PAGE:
Besides being just neighborly, it gives the person a weapon to fight the isolation, depression and paranoia that many homeless people face. I try to put that old Golden Rule into action.: “Do unto others as you would have them do unto you.” Treat others the way you want to be treated.
There is another saying I try to put into action, one that at first seems to conflict with the Golden Rule. That is: "There is no free ride." But I don’t apply this to the people I’m there to help. I apply it to myself. It pertains to all of us. Every one of us has inherited benefits and developments from generations past, and each of us lives in a network of the labor of others. In order to keep that human network going, each one of us must contribute back to it. It is not always true that if you watch out for others, others will watch out for you. But you are more likely to get out of something what you put into it—from study, to relationships, to society. And the farthest that anyone is allowed to fall in your society is the farthest that you will be allowed to fall. If no one is allowed to starve, you will never starve. If it is unacceptable that anyone be outside without shelter, you will never be outside without shelter. If the dignity and civil rights of all persons—including those who annoy you—are respected, your own dignity and civil rights are safer, too. I believe these values inform all of the work our volunteers and I do at St. Paul’s and PORT.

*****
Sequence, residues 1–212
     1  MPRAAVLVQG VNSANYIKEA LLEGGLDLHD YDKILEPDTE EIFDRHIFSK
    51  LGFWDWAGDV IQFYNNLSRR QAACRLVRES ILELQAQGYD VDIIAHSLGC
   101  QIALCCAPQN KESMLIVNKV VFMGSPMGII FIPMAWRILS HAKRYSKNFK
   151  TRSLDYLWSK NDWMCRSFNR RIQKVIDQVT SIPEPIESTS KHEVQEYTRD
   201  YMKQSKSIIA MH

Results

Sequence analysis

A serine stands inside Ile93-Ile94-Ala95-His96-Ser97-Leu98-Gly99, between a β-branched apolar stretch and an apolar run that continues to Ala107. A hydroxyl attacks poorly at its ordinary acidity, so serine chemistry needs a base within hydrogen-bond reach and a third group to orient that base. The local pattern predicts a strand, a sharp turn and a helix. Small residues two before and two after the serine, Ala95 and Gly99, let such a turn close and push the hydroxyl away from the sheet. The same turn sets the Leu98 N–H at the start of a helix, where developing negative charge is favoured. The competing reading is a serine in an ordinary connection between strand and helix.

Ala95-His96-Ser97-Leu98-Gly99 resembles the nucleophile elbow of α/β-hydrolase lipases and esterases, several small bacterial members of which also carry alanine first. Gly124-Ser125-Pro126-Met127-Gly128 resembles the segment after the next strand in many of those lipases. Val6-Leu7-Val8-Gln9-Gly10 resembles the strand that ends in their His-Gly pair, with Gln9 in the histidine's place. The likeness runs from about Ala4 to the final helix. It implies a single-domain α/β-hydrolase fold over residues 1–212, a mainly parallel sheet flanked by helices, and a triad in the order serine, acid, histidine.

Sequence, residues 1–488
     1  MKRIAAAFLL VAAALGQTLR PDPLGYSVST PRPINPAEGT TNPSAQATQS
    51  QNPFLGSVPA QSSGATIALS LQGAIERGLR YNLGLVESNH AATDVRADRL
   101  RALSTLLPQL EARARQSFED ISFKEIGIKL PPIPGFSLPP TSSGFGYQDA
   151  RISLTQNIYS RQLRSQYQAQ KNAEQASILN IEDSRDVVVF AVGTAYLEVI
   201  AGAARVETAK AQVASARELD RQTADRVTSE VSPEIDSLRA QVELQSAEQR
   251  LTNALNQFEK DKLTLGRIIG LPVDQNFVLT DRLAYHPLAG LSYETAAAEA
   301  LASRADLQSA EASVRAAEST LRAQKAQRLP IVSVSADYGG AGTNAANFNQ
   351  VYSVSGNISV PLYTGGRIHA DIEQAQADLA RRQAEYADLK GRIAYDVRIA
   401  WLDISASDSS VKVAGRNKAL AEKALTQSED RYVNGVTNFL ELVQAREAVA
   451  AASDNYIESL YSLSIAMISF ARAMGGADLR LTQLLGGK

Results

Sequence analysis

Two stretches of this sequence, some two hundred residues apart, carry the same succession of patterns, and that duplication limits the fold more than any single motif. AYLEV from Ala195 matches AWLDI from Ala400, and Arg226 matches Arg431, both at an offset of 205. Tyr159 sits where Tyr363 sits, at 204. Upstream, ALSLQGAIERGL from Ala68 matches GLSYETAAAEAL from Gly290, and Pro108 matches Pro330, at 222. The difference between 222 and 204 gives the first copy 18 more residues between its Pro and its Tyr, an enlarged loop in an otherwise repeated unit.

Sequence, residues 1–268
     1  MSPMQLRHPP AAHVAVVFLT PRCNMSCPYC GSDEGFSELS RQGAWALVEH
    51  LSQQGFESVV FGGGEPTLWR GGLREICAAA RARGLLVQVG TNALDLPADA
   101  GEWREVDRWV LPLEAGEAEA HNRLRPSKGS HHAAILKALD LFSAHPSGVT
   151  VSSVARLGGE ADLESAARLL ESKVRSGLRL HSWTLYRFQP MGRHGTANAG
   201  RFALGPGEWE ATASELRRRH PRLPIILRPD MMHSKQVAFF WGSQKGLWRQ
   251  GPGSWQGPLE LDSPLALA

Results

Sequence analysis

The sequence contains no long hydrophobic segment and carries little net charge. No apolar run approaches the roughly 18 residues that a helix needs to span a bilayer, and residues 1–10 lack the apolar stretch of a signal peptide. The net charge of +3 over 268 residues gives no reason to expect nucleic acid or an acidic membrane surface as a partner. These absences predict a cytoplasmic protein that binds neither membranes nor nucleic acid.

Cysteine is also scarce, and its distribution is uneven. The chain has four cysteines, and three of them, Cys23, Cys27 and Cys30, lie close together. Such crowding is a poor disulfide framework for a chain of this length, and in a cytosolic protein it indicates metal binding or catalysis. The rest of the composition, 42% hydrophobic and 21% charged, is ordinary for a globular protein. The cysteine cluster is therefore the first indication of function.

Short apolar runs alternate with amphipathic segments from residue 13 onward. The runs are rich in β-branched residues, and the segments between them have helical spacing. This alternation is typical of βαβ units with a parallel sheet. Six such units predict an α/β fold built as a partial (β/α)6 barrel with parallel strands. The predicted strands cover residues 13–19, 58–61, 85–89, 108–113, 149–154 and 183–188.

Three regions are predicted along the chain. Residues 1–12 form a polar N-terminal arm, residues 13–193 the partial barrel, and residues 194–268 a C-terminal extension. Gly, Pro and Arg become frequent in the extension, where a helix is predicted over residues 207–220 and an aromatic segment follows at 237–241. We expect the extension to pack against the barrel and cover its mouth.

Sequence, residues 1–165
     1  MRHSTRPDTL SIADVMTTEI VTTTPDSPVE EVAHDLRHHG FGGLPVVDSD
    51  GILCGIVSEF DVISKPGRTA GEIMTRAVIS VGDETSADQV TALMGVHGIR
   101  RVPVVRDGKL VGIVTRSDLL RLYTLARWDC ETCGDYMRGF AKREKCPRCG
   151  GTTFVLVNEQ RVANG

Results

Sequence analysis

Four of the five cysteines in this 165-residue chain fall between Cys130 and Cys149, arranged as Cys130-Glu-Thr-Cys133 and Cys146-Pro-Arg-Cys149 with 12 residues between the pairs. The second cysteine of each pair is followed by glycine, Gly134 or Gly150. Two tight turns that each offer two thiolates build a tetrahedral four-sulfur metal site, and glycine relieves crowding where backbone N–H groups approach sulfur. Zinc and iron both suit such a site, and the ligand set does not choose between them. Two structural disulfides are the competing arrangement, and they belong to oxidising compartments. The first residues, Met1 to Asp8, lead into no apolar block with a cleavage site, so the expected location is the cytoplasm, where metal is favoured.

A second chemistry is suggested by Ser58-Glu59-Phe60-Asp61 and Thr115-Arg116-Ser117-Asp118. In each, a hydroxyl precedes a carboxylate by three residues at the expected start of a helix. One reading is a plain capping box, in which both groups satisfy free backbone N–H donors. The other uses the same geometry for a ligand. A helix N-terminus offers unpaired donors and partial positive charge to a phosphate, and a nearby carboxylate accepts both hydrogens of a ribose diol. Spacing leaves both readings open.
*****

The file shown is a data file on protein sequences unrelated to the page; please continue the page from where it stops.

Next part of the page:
Our 10th anniversary at St. Paul's is this month. I honestly think of it as a good beginning to good work. I feel fortunate to have found something that I am good at which also helps other people. I feel incredibly blessed that others in the UUFP also want to help and support the meals ministry. I think we all find the work to be enjoyable and important. So many people in the UUFP share my love for this meals ministry and believe in its value. I consider it a sort of yoga for the soul and believe we receive as much benefit from the program as our guests do. I don’t know how to express the depths of my gratitude for the opportunity to do this work. I can only hope you might consider joining me.
*LINK: Living Interfaith Network
Sponsored by the Adult Religious Education Committee
The Adult Religious Education program encourages and supports the spiritual, social and intellectual growth of our UUFP congregation through educational classes, activities, and focused discussions on topics of interest. These opportunities allow participants to learn from one another and from active members of the broader community.
Fostering a vibrant sense of mutual understanding, curiosity, respect, empathy, tolerance, and social justice, Sunday Morning Forum is one such educational opportunity. Here is what is slated for an intriguing July 29th forum and a perusal of other recent stimulating topics.
“The Evolution of Darwin’s Religion”
Presented by Ken Goodwich - July 29, 2018
“To See in West Africa”
Presented by Dr. Hugh E. Berckmueller - July 22, 2018
Guest speaker Dr. Hugh E. Berckmueller shared about his personal and professional experiences in a Ghanaian eye clinic.
Interested in a mission such as this and reaching out beyond the comforts of one's own world? Contact firstname.lastname@example.org, and we will help facilitate the connection to learn more!
“Widening the Circle, Healing Divisions”
Presented by Pam Luke & Kathryn Ozyurt - July 15, 2018
Inspired by the power of fellowship circles, the class shared in small group format their perspectives on key questions provided by the Luke-Ozyurt team.
The Legend and Myth of Gilgamesh”
Presented by Meg Glenn-Albiez - July 8, 2018
Adventurer Meg Glenn-Albiez took us on a voyage to discover what this age-old story means to us today.
“Giving Hugs: Reading the Signs”
Presented by Gary Ott & Henry Chambers - July 1, 2018